In order to develop his ideas into a viable social enterprise, Jofri joined the Agents of Change: Sustainable Development Goals program at CSI between March and April 2020. As a part of the Eastern Canada cohort, he went through an intensive journey to practice a number of business development tools and drive change based on the SDGs.

“This course has been like a cabinet or a shelf for me. I had a lot of thoughts and didn’t know where to place them, but the course came as a frame where I can say ‘this goes here, this goes there.’ It gave structure to my thoughts and how to prioritize things.”

The peer-to-peer learning is also a highlight of the program for Jofri. Through the course of eight weeks, participants meet virtually and are encouraged to learn with and from each other. “After each session, people would share links, references, things happening in many places. These are not part of the curriculum, but it holds value, especially for people like me, a newcomer in this country.”

Another highlight of the program for him are the guest entrepreneurs. Erika Reyes, Beth Szurpicki, and Agata Rudd, from Wisebox, and Luke Anderson, from StopGap Foundation, were some of the professionals invited to give participants a clearer understanding of the challenges of starting a social enterprise.

Jofri is now working on ways to bring his ideas to life. After COVID-19, starting a business has become an especially challenging effort. With many environmental events canceled in 2020, he’s had to change his strategy and press pause on some plans.

His commitment to the SDGs 11 (Sustainable Cities and Communities), 12 (Responsible Consumption and Production), and 13 (Climate Action) remains strong, though. In times of uncertainty, Jofri’s bottom-up strategy may be just the approach we need to bring viable solutions for our future.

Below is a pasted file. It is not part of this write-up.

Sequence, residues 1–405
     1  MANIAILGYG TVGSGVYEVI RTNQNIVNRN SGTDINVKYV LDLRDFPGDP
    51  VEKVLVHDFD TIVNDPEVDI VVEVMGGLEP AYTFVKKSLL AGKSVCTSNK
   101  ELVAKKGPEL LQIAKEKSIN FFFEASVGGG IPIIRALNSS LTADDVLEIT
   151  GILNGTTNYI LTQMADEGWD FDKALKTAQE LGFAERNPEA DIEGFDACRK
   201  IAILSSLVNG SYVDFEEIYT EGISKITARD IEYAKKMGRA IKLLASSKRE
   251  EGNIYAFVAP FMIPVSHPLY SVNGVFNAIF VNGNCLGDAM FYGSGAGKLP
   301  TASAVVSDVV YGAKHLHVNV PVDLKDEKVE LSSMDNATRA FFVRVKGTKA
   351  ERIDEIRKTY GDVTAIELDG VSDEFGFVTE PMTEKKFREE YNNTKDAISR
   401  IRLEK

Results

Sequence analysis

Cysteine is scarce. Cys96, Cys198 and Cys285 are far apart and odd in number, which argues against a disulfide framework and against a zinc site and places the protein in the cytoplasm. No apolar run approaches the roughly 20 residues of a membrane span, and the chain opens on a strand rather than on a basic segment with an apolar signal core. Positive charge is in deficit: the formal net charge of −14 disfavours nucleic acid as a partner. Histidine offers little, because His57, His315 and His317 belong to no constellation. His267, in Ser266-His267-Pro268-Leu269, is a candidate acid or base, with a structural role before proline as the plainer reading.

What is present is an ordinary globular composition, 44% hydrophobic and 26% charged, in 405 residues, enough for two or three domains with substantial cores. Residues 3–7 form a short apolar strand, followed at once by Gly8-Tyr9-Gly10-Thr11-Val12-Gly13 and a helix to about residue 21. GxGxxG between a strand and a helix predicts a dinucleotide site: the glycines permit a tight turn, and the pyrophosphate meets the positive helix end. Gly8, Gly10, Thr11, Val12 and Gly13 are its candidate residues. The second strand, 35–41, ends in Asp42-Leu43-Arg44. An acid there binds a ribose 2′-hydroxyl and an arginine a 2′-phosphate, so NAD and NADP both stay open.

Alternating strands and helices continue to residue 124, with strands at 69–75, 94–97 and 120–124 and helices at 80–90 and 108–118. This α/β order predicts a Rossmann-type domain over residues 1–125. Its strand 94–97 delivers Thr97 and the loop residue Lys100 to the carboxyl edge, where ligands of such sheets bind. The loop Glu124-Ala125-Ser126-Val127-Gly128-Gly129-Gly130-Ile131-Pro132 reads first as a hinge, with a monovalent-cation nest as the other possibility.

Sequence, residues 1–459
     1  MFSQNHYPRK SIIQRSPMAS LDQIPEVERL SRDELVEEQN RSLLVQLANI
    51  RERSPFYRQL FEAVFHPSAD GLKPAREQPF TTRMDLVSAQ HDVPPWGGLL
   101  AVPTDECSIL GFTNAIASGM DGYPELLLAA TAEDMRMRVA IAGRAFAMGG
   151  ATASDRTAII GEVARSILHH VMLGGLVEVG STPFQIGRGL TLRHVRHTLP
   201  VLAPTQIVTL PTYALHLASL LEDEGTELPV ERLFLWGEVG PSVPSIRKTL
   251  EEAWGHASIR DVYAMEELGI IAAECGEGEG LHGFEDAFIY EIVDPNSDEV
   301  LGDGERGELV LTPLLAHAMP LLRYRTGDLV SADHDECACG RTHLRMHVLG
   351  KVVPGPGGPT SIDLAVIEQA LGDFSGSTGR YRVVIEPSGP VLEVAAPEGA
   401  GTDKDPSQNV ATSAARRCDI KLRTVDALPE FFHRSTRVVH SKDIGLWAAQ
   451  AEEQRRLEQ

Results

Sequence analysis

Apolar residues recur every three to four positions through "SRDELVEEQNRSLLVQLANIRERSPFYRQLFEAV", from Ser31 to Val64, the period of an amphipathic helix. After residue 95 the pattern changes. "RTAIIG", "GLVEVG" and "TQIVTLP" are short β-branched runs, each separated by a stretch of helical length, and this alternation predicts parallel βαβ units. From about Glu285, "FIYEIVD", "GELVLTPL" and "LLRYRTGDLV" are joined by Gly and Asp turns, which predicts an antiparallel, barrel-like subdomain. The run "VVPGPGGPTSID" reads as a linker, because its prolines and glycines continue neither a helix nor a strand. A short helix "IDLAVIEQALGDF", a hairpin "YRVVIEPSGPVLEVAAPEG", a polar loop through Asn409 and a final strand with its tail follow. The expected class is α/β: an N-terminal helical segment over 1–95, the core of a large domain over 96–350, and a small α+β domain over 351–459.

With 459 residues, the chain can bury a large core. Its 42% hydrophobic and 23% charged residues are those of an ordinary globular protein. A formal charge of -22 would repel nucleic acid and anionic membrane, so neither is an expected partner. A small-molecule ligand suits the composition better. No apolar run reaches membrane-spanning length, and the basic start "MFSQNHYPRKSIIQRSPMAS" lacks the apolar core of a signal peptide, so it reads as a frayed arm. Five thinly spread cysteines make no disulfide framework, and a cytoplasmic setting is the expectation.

Learn more about the Agents of Change: Sustainable Development Goals program.

Six videos to watch on Orange Shirt Day

September 30 is Orange Shirt Day, an opportunity for meaningful discussion about the effects of Residential Schools and the legacy they have left behind across Canada. The date was chosen because it is the time of year in which children were taken from their homes to residential schools.

Every Child Matters, even if they are an adult, from now on.

Take some time today to make space for uncomfortable truths. These six videos tell the stories of what happened to the Indigenous children who were taken by force from their families and communities.

1. Heritage Minutes: Chanie Wenjack
This Heritage Moment tells the story of Chanie “Charlie” Wenjack, whose death sparked the first inquest into the treatment of Indigenous children in Canadian residential schools.

 

2. Namwayut: we are all one
Chief Robert Joseph shares his experience as a residential school survivor and the importance of truth and reconciliation in Canada.

 

3. Wawahte: Stories of Residential School Survivors
Wawahte tells the story of Indian Residential Schools from the perspective of three of its survivors through archival images and audio. The result is a presentation that is powerful and accessible.

 

4. Death at Residential Schools
Thousands of children died in the Residential School system. And that number only begins to show how lives were erased and loving families were changed forever.

 

5. Understanding Intergenerational Trauma and how to stop it
Trauma is something that can be passed down through the generations. A panel of guests share what they are doing to try not to pass on the effects of trauma to the next generation

 

6. Tanya Tagaq – Retribution
At age 13, Tagaq was sent to a residential school in Yellowknife. She eventually left the school after a failed suicide attempt and completed high school by correspondence.